For Amin, this verified his findings in Australia. Many more tests, experiments and research lay ahead.
Amin, who grew up in Penang before spending almost two decades of his life abroad, finally felt that this could be it – an anti-cancer drug developed from a Malaysian plant, on Malaysian soil. When he was a kid, he had wanted to be an electrical engineer. Then his aunt died of breast cancer, and that sparked a change in his chosen career path.
This was early stages – too early to actually be jumping for joy just yet – but he was ready for the slog ahead.
Hurdles all the way
Amin estimated it would cost about RM70mil to get his product through clinical trials and eventually to market.
Being an academic with zero business experience, he jumped at the chance when opportunities to develop his business sense arose.
The first thing he did with his new skillset was to register his chosen trademark, “Canssufive” – a play on the words “can survive”.
The next step was to pitch his business plan, and reign in the venture capitalists.
Alas, nobody was interested.
Starting a bioscience company is hard – that’s one of the first things he learned in a Global Bio-Entrepreneurship Course funded by the Malaysia Biotech Corporation.
It’s a heavily-regulated, capital-intensive sector and investors are becoming increasingly difficult to find.
In Malaysia especially, there tends to be a low level of investment in research and development in small and medium enterprises.
Convinced no one would fund such a new area of research, he decided to form his own company, Natureceuticals Sdn Bhd.
He entered into a collaboration with another local company, Asmana Sdn Bhd, and acquired an exclusive license for Canssufive from USM.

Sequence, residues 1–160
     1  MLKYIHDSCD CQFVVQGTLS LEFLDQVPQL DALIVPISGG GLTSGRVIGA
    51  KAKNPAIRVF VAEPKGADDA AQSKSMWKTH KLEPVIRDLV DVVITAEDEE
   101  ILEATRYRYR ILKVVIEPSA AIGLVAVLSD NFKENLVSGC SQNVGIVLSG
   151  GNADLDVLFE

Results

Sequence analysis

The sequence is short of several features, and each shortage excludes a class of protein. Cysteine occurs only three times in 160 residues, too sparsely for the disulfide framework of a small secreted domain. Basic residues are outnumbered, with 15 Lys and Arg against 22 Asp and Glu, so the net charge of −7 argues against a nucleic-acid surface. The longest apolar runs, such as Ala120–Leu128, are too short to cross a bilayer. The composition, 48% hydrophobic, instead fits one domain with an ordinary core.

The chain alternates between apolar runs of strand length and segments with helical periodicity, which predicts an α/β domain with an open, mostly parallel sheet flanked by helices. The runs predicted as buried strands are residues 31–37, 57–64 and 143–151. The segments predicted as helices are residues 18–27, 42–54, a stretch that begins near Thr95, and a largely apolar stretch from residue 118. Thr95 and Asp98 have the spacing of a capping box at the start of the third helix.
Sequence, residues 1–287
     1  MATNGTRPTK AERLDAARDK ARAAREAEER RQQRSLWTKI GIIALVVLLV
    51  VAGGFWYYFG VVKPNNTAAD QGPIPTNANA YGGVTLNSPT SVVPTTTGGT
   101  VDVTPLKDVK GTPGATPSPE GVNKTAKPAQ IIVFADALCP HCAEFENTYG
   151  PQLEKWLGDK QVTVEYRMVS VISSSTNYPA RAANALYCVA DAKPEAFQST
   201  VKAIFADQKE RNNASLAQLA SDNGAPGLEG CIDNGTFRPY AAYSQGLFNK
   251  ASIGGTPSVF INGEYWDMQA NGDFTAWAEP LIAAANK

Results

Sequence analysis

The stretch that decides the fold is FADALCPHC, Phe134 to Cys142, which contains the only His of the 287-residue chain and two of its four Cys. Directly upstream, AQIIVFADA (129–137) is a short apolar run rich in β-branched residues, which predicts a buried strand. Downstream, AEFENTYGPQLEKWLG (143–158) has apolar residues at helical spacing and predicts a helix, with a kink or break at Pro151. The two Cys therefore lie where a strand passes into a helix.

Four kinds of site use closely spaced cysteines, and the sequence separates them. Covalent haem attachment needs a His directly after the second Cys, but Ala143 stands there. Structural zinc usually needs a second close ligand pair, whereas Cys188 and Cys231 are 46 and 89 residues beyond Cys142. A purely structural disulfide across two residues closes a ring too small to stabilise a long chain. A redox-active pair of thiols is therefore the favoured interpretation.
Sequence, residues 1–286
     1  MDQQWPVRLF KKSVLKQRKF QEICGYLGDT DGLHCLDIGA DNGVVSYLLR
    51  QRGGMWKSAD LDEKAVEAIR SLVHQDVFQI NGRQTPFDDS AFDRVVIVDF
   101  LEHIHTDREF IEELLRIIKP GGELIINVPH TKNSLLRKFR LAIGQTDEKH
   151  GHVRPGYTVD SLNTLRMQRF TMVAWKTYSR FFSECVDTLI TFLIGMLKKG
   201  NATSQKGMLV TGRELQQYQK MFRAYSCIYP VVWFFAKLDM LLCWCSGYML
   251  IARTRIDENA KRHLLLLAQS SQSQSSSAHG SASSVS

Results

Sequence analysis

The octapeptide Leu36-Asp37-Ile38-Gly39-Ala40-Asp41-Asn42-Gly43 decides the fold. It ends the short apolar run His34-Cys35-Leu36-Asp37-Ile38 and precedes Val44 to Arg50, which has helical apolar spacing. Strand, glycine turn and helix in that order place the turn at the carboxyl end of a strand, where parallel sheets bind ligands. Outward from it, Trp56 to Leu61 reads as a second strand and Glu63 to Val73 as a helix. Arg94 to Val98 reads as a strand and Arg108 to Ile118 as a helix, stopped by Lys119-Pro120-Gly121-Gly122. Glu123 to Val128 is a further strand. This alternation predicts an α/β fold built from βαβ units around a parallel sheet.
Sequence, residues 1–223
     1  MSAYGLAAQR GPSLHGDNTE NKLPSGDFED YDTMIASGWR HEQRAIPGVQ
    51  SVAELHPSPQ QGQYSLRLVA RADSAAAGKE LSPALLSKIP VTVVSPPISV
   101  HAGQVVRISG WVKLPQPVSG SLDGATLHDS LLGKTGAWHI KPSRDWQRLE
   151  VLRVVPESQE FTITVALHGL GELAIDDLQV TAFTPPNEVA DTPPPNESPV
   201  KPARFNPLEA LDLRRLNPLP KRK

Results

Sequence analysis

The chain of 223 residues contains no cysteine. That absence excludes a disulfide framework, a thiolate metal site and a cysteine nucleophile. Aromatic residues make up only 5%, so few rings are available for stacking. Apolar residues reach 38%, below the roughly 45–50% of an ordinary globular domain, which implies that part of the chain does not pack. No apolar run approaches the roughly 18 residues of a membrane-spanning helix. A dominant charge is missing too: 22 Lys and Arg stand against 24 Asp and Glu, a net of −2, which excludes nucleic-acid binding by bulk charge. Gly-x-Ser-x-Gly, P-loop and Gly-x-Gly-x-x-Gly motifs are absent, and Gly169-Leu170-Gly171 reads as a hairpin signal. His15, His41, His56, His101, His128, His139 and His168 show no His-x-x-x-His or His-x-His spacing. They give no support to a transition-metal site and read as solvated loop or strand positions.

At the time, Malaysia’s Economic Transformation Programme was announced and herbal product development happened to be an Entry Point Project under its National Key Economic Area of Agriculture.
Amin approached the Herbal Development Office and Natureceuticals was awarded “anchor company” status, entitling him to receive government support to help spearhead this area of development.
To date, RM8mil from the Agriculture Ministry and about RM3mil in personal finances have gone into developing Canssufive – peanuts compared to the billions that conventional drug development can run into, but a huge leap ahead for the project.
In total, the ministry has said it will fork out RM64.8mil in funding for the project by 2020. This includes RM30mil for the manufacturing facility and RM1mil for a specialised farm to grow the misai kucing.
Two products are currently undergoing clinical trials: an effervescent health drink aimed at providing relief for cancer-induced aesthenia; and a disease risk-reduction drug with anti-angiogenic claims.
Amin says it will be at least 2017 before trials are completed. That’s if everything goes smoothly.
And until he publishes his findings in a journal, and the results are replicated in another lab, the jury will be out. For now, he is holding off submissions for any scientific papers. There are patents pending, and until that is settled, he will wait.
Either way, as far as individual efforts go, Amin is a bit of an exception to the Malaysian rule. Time will tell if he manages to break the mould and come up with a high-claim drug based on a herbal extract. One thing’s for sure: if he manages it, it will be a milestone for Malaysia.